Adams Papers

To John Adams from William Plumer, 12 July 1814

Epping (N H.) July 12 1814

My dear Sir,

Permit me to request you to accept of the enclosed address to the Clergy. Their systematic opposition to our government evinces a spirit equally hostile to Christianity and the real interests of their country. How far I have succeeded in exposing their misconduct you will judge. I wish some abler pen, and one more at leisure, had undertaken & more fully investigated the subject.

What is your opinion respecting the state of our public affairs? Will the mission to Gottenburg terminate in peace—or must we prepare for a long & arduous struggle for our existence as an independent nation? I indulged the fond hope that this year would produce an honorable peace; but the prospect appears less favorable than it did previous to the astonishing changes that have recently occurred in Europe. If we have not virtue & public spirit sufficient to maintain our rights, we are unworthy to enjoy them—& shall justly merit that state of vassalage which attends foreign domination. If our Ministers return without a treaty of peace, I trust that the arbitrary demands of the haughty court of Britain will produce union amongst ourselves. United we may safely defy a world in arms. The pressure of the war, instead of increasing, has already lessened our divisions. I have however little hopes of the leaders of opposition—they will, I fear, sooner betray their country than support its government. Does not history too fully confirm the dishonorable fact that the leaders of factions, in former times & in other countries, have preferred the interest & claims of foreign nations to those of their own!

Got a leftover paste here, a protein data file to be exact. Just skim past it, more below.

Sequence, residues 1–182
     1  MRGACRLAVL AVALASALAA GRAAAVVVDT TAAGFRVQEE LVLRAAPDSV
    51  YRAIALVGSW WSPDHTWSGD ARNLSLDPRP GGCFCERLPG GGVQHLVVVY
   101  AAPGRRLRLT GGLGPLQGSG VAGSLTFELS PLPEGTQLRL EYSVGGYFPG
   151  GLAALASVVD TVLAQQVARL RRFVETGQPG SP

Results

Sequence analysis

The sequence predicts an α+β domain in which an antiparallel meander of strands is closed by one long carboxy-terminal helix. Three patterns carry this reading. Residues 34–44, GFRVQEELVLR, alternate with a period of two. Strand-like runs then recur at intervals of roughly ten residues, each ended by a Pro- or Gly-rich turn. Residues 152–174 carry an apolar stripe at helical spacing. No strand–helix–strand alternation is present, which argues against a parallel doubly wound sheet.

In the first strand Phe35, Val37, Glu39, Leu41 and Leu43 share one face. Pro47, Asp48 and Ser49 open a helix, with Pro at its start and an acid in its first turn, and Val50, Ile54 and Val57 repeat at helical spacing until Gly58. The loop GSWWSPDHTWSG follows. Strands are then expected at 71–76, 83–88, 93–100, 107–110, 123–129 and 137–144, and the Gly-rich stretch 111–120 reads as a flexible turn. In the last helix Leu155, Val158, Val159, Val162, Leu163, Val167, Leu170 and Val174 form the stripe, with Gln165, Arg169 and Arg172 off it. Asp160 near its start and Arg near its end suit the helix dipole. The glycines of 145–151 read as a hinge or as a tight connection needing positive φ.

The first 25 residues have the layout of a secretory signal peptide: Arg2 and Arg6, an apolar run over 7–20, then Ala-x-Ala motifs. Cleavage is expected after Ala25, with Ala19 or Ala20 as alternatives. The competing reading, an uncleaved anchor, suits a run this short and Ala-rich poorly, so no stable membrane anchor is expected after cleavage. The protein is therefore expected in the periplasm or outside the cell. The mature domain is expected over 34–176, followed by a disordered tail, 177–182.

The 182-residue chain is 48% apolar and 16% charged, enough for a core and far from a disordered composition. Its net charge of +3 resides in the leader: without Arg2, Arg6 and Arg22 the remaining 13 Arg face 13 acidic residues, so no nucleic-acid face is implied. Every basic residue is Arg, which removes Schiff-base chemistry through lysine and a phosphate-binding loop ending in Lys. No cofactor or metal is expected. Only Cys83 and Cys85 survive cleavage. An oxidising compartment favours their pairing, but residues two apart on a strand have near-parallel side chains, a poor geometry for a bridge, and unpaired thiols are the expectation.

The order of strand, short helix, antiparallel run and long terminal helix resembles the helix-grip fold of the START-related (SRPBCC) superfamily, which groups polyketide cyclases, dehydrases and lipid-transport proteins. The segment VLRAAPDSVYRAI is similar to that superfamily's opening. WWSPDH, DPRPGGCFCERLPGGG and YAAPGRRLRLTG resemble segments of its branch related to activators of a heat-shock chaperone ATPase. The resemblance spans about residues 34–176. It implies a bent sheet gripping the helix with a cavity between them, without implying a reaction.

I have for months expected, but in vain, to have received letters from our minister at St. Petersburg. I hope he enjoys health & will acquire fame—as I am confident his prudence will merit both.

I am with much respect and esteem / Sir, / Your most obedient / humble servant.

William Plumer

MHi: Adams Papers.

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